|Senator Diane Allen (R-Burlington) received the “Making Democracy Work Award” from the New Jersey League of Women Voters on Friday, in recognition of her longstanding, successful efforts to encourage more women to run for elected office.
Senator Diane Allen accepts the “Making Democracy Work” award, one of the highest honors given by the League of Women Voters, at a reception on April 28, 2017 in Monroe Township, New Jersey (LWVNJ)
“Democracy works best when the halls of every Statehouse are filled with legislators who understand the needs of the people they were elected to serve,” Senator Allen said. “Women now make up the majority of the population, but barely 25% of State legislatures. It is in our best interest to encourage more women to stand up and step out to fight for those in need in their communities. This is a cause I care very deeply about and will continue to advocate for long after I retire from elected office.”
Allen gladly accepted the “Making Democracy Work” award at reception on Friday, April 28, in Monroe Township. The award, one of the League’s highest honors, is given to individuals who demonstrate an extraordinary commitment to improving democracy.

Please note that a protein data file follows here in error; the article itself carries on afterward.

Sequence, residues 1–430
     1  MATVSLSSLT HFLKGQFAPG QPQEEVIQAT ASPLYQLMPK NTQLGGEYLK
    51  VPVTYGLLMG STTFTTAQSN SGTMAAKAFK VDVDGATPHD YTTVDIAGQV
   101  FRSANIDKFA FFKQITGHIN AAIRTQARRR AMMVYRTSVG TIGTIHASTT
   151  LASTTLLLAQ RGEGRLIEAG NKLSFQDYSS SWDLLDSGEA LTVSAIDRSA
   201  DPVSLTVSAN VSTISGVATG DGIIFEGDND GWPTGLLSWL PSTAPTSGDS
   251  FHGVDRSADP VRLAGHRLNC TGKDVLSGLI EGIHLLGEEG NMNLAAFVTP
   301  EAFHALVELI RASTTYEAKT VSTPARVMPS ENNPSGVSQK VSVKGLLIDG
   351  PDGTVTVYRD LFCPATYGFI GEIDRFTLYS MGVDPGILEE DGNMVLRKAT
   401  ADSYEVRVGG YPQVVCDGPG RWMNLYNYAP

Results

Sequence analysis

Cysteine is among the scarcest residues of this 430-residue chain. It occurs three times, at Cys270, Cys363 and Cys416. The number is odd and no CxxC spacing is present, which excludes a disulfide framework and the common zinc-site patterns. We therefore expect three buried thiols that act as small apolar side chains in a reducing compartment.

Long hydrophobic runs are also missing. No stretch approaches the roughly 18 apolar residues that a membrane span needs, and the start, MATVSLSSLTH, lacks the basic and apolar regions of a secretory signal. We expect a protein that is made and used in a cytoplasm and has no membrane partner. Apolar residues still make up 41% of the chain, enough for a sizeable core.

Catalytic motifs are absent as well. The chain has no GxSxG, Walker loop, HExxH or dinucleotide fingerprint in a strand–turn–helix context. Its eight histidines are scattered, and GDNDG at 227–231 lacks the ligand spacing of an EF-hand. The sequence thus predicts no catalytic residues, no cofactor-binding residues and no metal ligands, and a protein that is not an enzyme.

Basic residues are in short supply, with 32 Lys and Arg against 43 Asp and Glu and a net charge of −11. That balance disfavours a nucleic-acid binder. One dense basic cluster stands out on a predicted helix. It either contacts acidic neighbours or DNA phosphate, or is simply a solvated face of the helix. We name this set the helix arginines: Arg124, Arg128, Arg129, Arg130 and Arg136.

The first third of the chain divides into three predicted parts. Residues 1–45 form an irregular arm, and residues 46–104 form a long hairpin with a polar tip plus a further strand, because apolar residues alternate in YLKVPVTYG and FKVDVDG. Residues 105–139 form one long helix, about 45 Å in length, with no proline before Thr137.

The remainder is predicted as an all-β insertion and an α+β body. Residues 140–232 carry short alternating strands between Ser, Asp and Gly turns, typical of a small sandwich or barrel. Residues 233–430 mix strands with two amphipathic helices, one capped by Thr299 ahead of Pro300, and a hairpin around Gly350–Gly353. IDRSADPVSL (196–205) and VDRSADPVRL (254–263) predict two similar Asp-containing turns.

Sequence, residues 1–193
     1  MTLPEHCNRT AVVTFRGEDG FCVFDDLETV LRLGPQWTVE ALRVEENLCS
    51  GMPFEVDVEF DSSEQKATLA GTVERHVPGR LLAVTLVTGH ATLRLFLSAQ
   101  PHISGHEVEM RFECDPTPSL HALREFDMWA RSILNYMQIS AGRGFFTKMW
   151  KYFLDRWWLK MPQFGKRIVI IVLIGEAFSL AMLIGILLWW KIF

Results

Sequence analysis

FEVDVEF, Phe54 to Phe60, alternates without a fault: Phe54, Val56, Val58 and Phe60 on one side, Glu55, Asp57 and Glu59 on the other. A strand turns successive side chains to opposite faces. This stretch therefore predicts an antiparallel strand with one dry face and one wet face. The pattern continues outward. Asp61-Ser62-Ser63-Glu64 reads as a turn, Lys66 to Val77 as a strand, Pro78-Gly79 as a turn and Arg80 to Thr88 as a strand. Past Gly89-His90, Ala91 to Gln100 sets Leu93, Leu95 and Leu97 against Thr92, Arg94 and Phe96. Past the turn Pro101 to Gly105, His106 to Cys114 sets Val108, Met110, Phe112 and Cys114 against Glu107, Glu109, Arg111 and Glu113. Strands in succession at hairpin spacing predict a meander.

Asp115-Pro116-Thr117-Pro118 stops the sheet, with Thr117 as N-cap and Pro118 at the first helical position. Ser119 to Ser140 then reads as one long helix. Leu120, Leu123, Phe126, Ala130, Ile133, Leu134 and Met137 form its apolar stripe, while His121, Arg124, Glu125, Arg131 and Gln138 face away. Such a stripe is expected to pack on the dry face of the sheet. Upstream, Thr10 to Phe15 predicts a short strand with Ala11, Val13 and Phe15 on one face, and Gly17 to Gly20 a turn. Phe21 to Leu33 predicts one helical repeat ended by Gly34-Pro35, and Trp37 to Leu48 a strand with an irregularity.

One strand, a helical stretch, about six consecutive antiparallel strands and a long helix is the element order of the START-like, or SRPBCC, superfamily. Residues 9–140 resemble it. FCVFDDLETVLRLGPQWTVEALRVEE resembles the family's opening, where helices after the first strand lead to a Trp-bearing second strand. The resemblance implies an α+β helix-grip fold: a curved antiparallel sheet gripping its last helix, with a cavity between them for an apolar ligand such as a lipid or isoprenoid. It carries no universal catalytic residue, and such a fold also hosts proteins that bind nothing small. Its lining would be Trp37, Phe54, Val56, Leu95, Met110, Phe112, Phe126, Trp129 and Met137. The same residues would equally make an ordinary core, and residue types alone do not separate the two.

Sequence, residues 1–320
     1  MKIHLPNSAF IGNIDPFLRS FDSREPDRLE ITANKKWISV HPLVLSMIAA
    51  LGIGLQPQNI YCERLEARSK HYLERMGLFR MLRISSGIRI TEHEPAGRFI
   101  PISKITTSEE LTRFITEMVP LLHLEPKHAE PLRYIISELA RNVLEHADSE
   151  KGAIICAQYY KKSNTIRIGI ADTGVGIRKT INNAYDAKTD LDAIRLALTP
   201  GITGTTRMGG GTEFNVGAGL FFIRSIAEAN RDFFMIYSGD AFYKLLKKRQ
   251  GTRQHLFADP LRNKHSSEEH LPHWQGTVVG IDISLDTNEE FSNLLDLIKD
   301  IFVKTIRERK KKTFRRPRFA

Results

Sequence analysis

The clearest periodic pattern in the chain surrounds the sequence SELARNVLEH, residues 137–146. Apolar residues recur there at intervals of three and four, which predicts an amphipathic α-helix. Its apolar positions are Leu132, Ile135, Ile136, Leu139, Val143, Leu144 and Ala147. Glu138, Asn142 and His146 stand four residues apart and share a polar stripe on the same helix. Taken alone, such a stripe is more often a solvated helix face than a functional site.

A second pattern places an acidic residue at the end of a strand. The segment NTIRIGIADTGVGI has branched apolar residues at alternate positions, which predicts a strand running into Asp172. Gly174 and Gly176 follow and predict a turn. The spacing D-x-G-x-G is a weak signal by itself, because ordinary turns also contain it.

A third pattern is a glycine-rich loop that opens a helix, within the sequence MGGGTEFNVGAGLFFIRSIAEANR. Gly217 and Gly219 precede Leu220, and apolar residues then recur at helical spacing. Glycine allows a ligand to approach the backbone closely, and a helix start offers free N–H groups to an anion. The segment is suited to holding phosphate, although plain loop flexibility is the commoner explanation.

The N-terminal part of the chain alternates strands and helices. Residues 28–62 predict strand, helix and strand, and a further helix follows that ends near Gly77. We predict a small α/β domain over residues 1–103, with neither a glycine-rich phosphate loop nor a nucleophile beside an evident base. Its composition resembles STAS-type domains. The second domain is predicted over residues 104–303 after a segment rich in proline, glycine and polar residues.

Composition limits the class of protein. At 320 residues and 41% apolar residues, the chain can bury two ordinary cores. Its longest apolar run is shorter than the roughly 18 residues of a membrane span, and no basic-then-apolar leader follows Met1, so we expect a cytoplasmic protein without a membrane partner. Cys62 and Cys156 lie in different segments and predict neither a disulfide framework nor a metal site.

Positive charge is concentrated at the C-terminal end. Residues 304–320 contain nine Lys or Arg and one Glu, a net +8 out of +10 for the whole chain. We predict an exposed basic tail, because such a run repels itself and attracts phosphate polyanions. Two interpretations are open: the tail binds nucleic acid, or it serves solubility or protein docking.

Senator Allen was chosen for the award in recognition of her decades of public service and leadership, specifically her efforts to work toward gender parity by encouraging more women to run for elected office, according to the League. The League also stated that “her commitment and passion makes our democracy better.”
Senator Allen has a strong track record of championing landmark legislation, notably improved domestic violence and equal rights protections. She has used this experience to counsel women candidates in New Jersey and around the country, serving in leadership roles in organizations such as the National Foundation of Women Legislators, who recently elected her to chair a national policy committee. Earlier this year, Senator Allen was also named one of the Top 25 Elected Women Leaders Nationwide.
“We are seeing an exciting uptick in the number of women running for office, but achieving real equal representation in government is going to take a lot more work,” Senator Allen said. “We also need dedicated mentors who will guide qualified female candidates along the right path. I am grateful to the League of Women Voters for recognizing my years-long efforts to do just that. I will continue to actively seek out opportunities to encourage more women to get involved in every level of government, from the school board to the White House.”